11

I built a giant house of playing cards an hour ago.

Given that building it took many hours (say, three), does the sentence mean that:

I finished building a giant house of playing cards an hour ago.

or

I started building a giant house of playing cards an hour ago.

or something else?

1
  • If you say that building actually takes more than one hour, I believe the problem is with the sentence itself as the tense doesn't demonstrate what it should. But I assume it's "finished an hour ago". – M.A.R. Feb 12 '15 at 8:30
13
  1. I built a giant house of playing cards an hour ago.'

..means that

I finished building a giant house of playing cards an hour ago.

There is nothing present in the original sentence to provide any clue on how long the building process lasted. The words "an hour ago" point at the moment in time when the process finished.

You might say:

I was building a giant house of playing cards an hour ago.

..this would mean that an hour ago you were engaged in the process of building a house of cards. We don't know whether you finished the work.


P.S. Some jargon

We call situations similar to that described in sentence 1 "accomplishments". An "accomplishment" describes a process, but a process that has some terminal point ("the construction is finished") beyond which the process cannot continue. That's why when "built" is used in the past tense we know that "the mission has been accomplished".

The combination "to build a house" is "telic": it has some duration but it must have an end.

There are situations in which we describe "activities" that have no inherent terminal point (they are "atelic"), like "playing the guitar":

I played the guitar an hour ago. (atelic; the playing could've continued further, there is no inherent "endpoint")

7
  • 1
    @user132181 - you're welcome! – CowperKettle Feb 12 '15 at 8:38
  • 4
    If you said, "I built houses an hour ago", I'd conclude that you were a construction worker and that you just got fired from your job an hour ago. – Jim Feb 12 '15 at 18:27
  • 1
    This answer is great except for the end. I don't agree at all about the meaning of "I built houses an hour ago". It's an odd phrasing, so if someone said that I would ask for clarification, but if I read it then I would assume that they finished building the last of multiple houses an hour ago. – DCShannon Feb 13 '15 at 2:43
  • @DCShannon - thanks for the comment! I cut the example, will try to come up with something more proper. – CowperKettle Feb 13 '15 at 5:15
  • 1
    I do not think it means I finished building. The simple past refers not to the beginning, duration, or ending of an activity, but to the (entire) activity as a point in the past. See my answer. And an hour ago refers not to the termination of the activitiy but to the ("entire") activity – user6951 Feb 13 '15 at 17:15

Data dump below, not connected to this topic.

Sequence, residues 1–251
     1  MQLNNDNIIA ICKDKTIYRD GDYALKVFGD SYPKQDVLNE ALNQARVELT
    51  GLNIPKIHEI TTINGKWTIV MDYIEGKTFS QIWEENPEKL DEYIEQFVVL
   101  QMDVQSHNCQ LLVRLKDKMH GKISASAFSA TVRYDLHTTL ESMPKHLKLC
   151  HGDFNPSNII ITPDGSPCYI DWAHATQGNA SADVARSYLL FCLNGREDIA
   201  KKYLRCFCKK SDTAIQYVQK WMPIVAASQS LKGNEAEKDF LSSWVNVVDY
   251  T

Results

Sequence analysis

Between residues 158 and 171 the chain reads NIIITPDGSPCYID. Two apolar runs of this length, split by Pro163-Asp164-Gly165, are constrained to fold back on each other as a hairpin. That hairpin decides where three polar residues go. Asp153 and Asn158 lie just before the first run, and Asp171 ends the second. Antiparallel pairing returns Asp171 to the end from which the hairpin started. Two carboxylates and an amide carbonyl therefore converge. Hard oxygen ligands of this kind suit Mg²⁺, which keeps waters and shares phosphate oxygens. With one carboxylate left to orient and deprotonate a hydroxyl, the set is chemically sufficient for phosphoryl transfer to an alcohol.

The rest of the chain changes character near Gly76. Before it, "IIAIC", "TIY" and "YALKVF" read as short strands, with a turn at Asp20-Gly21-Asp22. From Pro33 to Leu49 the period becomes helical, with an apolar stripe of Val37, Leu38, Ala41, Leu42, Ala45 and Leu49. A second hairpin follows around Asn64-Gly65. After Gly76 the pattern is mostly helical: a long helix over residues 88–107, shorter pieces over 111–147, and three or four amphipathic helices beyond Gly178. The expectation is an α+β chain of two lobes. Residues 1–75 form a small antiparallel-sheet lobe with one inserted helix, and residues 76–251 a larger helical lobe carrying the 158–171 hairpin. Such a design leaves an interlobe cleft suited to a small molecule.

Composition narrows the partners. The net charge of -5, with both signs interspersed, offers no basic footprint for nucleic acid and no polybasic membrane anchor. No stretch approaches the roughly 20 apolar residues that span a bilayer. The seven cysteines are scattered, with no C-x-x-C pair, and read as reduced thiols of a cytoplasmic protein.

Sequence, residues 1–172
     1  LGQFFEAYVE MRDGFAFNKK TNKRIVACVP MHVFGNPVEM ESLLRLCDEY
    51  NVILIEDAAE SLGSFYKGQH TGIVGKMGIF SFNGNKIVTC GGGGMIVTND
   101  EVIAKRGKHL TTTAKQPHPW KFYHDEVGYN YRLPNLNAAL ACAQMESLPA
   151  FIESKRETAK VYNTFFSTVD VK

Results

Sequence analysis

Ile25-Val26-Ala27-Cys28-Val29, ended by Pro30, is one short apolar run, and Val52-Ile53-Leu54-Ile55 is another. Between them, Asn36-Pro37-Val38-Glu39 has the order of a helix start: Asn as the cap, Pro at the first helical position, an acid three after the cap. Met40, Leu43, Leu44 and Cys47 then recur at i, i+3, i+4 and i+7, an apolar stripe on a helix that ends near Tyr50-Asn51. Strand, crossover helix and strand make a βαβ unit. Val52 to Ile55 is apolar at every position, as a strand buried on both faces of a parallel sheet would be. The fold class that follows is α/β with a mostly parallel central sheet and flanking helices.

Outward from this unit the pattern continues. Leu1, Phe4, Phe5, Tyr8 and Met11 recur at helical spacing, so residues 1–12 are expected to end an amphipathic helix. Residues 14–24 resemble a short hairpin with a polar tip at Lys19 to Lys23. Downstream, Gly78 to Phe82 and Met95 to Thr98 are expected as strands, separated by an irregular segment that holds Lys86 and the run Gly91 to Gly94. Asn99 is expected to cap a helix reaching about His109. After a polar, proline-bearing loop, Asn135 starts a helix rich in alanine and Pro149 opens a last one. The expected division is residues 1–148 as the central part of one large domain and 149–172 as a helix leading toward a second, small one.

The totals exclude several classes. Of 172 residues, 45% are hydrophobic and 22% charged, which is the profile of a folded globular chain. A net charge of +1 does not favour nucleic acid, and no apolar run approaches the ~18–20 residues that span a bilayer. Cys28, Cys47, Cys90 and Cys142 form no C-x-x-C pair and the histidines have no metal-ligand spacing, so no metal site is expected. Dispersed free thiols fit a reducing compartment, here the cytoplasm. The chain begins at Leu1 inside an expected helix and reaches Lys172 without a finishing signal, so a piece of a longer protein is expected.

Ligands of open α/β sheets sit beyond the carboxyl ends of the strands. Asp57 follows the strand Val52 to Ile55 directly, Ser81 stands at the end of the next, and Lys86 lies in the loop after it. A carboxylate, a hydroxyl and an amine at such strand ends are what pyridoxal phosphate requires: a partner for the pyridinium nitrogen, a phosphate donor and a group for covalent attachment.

16

In practice I actually think that saying "I built a giant house of playing cards an hour ago" strongly implies that the process didn't take long and was both started and finished in a frame of time which could be roughly described as an hour ago, for example 70 minutes ago until 60 minutes ago. If it took you three hours you couldn't truthfully say you built it an hour ago, in that case you would have to say you finished it an hour ago.

4
  • 1
    Thanks for the comment on my answer, John! I've edited it. – CowperKettle Feb 12 '15 at 10:37
  • 4
    I agree - the start and end would both have to be so close together compared to the "how long ago" portion that it would work for either. – corsiKa Feb 12 '15 at 16:07
  • Of course, if you've ever built a house of cards you know it's finicky work, and building a "giant" house of cards is likely to take quite a while. So the first answer is likely (although not guaranteed) to be correct. – WhatRoughBeast Feb 12 '15 at 18:32
  • Saying that you 'finished' building the house would be a better and clearer phrasing for a long activity, but given that someone said 'built', you're still in agreement that the process would've ended an hour ago, even if you might have the wrong impression about how long it took, right? – DCShannon Feb 13 '15 at 2:46
1

I built a giant house of playing cards an hour ago.

says exactly that. That is, it refers to an action completed in the past. By completed I don't mean finished, I mean accomplished.

It means 'An hour ago I accomplished the action of building a giant house of playing cards--and I am not still doing/accomplishing this action at the present time.' (The simple past strictly excludes present time.)